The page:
Lipstick and Lies by
pbk out February 99
It is not entirely true that, with Lesley Grant-Adamson, one never knows what to expect. Her latest novel, just like the thirteen which preceded it, is intelligent and intriguing. But she is a restless experimenter who loves to explore different aspects of the crime novel and here she has tried her
hand at a story about a fifties murder, recollected in the present day by the daughter of the woman who died. The old killing has distant echoes of the Ruth Ellis case, with the roles of convicted murderer (the dashing boyfriend) and victim (a woman with a yearning for excitement) reversed, but any similarities are of no consequence. The main focus is on the reaction of the daughter, Anna, to a new investigation of the crime by Gillian Spry, from the charity Criminal Justice Investigations. Soon it becomes clear that dark secrets are buried in the past.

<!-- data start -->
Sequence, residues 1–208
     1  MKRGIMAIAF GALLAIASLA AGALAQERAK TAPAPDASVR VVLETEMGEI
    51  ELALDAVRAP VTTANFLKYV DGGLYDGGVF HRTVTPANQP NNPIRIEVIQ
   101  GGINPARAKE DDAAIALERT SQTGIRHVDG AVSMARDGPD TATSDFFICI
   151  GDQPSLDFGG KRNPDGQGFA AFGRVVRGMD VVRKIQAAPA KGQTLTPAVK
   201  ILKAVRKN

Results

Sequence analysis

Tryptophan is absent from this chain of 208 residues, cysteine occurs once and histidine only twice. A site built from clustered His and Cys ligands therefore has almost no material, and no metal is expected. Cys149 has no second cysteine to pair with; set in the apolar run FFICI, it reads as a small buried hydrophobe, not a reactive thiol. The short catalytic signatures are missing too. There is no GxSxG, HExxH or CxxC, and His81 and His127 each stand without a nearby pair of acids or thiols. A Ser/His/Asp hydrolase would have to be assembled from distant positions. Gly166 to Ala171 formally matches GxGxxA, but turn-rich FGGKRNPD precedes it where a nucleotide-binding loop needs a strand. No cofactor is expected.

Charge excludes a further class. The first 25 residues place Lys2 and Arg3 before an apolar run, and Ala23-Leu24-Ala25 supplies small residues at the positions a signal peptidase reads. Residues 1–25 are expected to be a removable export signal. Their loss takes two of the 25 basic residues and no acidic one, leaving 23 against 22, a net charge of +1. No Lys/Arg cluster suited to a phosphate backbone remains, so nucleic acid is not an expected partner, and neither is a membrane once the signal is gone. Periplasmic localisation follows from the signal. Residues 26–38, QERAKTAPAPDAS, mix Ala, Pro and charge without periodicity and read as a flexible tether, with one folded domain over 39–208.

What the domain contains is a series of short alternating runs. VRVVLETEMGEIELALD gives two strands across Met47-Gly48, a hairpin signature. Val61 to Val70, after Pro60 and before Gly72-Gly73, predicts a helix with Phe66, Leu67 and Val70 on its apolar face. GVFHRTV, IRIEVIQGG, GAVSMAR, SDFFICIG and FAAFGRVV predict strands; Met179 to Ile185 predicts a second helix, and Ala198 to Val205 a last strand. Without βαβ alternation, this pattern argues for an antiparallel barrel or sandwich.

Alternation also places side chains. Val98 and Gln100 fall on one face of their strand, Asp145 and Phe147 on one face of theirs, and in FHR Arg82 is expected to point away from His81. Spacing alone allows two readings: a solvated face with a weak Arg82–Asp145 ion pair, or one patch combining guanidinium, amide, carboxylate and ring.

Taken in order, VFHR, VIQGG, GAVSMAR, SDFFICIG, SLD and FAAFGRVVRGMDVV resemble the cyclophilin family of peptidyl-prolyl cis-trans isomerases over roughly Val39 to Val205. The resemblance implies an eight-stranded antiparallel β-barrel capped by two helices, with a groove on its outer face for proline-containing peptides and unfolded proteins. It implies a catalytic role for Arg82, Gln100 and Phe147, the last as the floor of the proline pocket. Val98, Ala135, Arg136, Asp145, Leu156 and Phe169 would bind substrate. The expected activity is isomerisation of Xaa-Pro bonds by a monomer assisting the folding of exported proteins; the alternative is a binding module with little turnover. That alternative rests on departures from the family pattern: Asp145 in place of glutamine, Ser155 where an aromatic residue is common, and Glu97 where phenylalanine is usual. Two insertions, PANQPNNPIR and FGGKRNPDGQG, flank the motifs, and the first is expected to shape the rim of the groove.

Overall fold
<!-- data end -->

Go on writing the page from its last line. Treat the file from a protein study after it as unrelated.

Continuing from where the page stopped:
The opening chapters of the book are written in Grant-Adamson's characteristically crisp yet under-stated style and the sections set in the past are replete with authentic period detail. If there is a weakness, perhaps it lies in the middle section of the book, where the pace flags a little (not assisted by the somewhat fragmentary narrative structure and the fact that Anna is, at least on the surface, rather a cold fish), but this is redeemed in the later part of the story. For, although the final revelations do not come as a surprise, they are nevertheless shocking - perhaps all the more so for being described in such unemphatic prose. The closing paragraph captures quite beautifully the ambiguities of life and
the story as a whole tells us a good deal about the ambiguities of justice.
- author of the highly acclaimed Harry Devlin Mysteries)